Smoke to Clear on Baltimore Playgrounds, Athletic Fields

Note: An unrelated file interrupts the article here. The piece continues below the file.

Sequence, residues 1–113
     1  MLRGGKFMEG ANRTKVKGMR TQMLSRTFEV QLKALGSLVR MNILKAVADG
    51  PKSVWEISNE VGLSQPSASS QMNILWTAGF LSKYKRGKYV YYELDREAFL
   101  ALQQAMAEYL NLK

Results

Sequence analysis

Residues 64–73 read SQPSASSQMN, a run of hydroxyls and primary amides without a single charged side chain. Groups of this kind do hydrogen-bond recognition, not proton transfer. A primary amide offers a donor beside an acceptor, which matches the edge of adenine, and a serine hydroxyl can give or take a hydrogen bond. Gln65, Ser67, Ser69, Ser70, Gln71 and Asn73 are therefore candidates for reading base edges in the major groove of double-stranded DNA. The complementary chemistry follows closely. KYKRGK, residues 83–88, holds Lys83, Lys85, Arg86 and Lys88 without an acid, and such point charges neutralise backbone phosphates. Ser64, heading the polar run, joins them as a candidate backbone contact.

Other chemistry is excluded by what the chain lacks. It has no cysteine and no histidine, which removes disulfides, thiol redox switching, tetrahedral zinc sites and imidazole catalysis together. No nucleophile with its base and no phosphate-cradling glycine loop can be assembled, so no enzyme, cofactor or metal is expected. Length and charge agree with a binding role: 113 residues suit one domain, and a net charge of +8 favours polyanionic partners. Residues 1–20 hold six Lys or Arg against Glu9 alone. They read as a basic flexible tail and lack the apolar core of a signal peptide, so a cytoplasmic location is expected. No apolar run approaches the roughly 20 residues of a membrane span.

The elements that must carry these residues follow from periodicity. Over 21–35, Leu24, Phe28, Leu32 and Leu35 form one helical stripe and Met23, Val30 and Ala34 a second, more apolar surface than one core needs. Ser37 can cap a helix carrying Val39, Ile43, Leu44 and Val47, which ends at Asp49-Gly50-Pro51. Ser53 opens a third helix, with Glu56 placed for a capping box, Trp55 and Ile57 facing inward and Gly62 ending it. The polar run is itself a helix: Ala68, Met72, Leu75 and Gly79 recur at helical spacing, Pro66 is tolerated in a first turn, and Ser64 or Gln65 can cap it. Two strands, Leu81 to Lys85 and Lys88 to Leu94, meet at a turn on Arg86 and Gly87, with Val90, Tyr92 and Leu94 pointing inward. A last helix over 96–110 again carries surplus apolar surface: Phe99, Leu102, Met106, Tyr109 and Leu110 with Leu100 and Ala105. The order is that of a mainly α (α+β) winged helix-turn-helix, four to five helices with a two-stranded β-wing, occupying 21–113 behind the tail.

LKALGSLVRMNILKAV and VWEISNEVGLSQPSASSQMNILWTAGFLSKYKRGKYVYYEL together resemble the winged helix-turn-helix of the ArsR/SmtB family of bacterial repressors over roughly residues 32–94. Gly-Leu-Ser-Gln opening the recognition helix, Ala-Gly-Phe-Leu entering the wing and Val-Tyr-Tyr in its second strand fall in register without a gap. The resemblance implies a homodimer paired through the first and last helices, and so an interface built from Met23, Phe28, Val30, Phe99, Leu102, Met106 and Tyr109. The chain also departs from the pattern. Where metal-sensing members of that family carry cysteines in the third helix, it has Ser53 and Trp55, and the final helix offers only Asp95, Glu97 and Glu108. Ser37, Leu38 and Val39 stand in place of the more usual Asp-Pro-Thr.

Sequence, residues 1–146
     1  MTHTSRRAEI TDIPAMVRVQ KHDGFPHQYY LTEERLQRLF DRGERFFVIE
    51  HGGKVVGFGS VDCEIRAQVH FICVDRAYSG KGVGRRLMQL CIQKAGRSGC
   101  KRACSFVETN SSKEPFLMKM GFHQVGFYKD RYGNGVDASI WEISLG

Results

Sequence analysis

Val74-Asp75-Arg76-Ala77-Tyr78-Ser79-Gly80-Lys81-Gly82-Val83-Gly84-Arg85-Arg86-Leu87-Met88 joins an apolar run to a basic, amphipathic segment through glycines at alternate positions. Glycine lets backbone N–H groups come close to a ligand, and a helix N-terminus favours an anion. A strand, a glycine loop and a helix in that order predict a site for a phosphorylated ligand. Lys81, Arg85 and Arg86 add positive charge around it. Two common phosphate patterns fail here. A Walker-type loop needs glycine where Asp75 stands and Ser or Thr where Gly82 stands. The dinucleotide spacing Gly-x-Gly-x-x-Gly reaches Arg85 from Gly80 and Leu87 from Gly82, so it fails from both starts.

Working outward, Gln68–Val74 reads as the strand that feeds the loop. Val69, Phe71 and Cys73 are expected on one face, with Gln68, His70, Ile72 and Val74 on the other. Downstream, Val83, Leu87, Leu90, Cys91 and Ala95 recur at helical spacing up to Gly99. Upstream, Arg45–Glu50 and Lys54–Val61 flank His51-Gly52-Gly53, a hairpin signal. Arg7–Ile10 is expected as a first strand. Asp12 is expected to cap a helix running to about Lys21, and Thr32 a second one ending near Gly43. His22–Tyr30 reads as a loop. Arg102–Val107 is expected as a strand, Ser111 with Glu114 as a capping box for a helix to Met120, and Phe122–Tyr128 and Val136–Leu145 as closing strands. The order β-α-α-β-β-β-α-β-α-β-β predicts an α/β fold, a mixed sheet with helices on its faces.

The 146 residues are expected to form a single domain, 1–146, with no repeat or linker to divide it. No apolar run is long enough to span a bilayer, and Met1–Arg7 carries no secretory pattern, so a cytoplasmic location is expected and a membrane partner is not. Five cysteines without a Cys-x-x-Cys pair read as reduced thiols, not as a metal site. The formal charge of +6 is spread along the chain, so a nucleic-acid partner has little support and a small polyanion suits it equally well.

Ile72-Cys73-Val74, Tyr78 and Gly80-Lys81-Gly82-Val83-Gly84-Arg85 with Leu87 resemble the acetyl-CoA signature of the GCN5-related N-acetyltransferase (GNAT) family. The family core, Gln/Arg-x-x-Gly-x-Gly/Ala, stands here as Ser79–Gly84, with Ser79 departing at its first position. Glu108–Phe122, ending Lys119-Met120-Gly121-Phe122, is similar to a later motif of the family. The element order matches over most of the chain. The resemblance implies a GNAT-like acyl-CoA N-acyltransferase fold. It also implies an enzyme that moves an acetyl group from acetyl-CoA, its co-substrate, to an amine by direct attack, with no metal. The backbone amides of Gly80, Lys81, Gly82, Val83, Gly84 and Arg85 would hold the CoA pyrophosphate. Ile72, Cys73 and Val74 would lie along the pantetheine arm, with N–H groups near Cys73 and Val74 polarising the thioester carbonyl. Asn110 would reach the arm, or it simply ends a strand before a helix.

burning tobacco products is hazardous to health.” King said that adults Smokers puffing within exposed to second-hand Baltimore City limits have smoke have an increased roughly six months left to risk of lung cancer and enjoy their nicotine rush while heart disease. Among youth, on playgrounds, schoolyards, second-hand smoke can be and city athletic fields. If linked to multiple different Baltimore City council adverse health effects members have their way, including middle ear disease, with a bill banning the use respiratory disease, and even of tobacco products in these asthma. venues, the air will clear. With “Second-hand smoke is the Councilman William H. really a dangerous mix of Cole IV’s bill co-sponsored by multiple different chemicals the entire 15-member council, and toxins,” said King. “There smoke free public spaces are a are several thousand toxins in fait accompli. second-hand smoke and there “Some people smoke in [are] also at least 70 cancer front of their kids, and that’s causing agents. It’s no wonder their right to do so. But it’s that exposure to it can cause not their right to smoke in significant disease and death. front of someone else’s kid, It’s a lethal cocktail.” and that’s where I think we’ve King told the AFRO that had the problem. Some people even a small amount of just aren’t able to use second-hand smoke common sense,” could begin the said the District mutation of cells 11 Councilman in the body and who started cause them to the initiative. multiply out “The law I’ve of control, written calls becoming for no smoking cancerous. within 50 feet of a Pequannock, playground, an athletic NJ, New York City and field, or a playground attached others have already enacted to a school.” similar legislation regarding Cole began investigating the lighting of tobacco the issue, he said, when products on playgrounds several concerned citizens or places where children approached him at a council might congregate. Cole Advertiser: BGE meeting last year. They were was surprised to discover upset that parents and Publication: Afroteen American Baltimore City currently has Insertion Dates: Saturday,as February 15, 2014 smokers using playgrounds no law regarding smoking Saturday, March 8, 2014 hangout spots were subjecting on playgrounds, especially 29, 2014 everyone who used Saturday, the city’sMarchbecause both Oriole Park and Saturday, April 19, 2014 public spaces to their toxins of M&T Saturday, May 10, 2014Bank Stadium have choice. recently Saturday, May 31, 2014 banned smoking on “There is no risk-free level their premises, showing that Ad Size: 7.28” x 10” of second-hand smoke, there the issue is gaining support. is no safe level of secondThe measure will become Title: SEM/Control hand smoke,” said Brian King, law within six months after If you have received this publication senior scientific advisor with thematerial vote, to provide the in error, or have any questions about it please the CDC’s Office of Smoking Department of Recreation and contact the traffic dept. at Weber Shandwick andatHealth. “Whether it’s an Parks sufficient time to install (410) 558 2100. indoor or an outdoor area, signs informing smokers of exposure to the smoke from the change. By Alexis Taylor AFRO Staff Writer